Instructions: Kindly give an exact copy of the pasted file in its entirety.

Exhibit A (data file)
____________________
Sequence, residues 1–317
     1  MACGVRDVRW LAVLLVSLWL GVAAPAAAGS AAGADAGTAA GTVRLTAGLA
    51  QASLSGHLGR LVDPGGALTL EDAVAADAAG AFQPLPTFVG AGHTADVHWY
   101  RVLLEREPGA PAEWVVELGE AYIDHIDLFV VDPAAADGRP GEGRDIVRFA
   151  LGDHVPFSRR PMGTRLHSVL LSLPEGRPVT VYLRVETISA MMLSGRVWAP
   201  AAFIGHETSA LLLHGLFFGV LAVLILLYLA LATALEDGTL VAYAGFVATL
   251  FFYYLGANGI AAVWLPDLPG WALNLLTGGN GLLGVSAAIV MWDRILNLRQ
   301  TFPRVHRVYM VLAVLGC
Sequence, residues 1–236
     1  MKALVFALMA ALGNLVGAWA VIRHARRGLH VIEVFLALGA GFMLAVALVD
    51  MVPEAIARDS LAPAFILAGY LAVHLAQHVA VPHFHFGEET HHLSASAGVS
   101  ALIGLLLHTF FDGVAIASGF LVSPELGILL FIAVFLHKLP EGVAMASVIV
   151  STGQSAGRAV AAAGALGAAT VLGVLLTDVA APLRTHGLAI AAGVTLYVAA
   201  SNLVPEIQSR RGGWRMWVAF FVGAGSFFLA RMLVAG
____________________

Sequence, residues 1–317
     1  MACGVRDVRW LAVLLVSLWL GVAAPAAAGS AAGADAGTAA GTVRLTAGLA
    51  QASLSGHLGR LVDPGGALTL EDAVAADAAG AFQPLPTFVG AGHTADVHWY
   101  RVLLEREPGA PAEWVVELGE AYIDHIDLFV VDPAAADGRP GEGRDIVRFA
   151  LGDHVPFSRR PMGTRLHSVL LSLPEGRPVT VYLRVETISA MMLSGRVWAP
   201  AAFIGHETSA LLLHGLFFGV LAVLILLYLA LATALEDGTL VAYAGFVATL
   251  FFYYLGANGI AAVWLPDLPG WALNLLTGGN GLLGVSAAIV MWDRILNLRQ
   301  TFPRVHRVYM VLAVLGC
Sequence, residues 1–236
     1  MKALVFALMA ALGNLVGAWA VIRHARRGLH VIEVFLALGA GFMLAVALVD
    51  MVPEAIARDS LAPAFILAGY LAVHLAQHVA VPHFHFGEET HHLSASAGVS
   101  ALIGLLLHTF FDGVAIASGF LVSPELGILL FIAVFLHKLP EGVAMASVIV
   151  STGQSAGRAV AAAGALGAAT VLGVLLTDVA APLRTHGLAI AAGVTLYVAA
   201  SNLVPEIQSR RGGWRMWVAF FVGAGSFFLA RMLVAG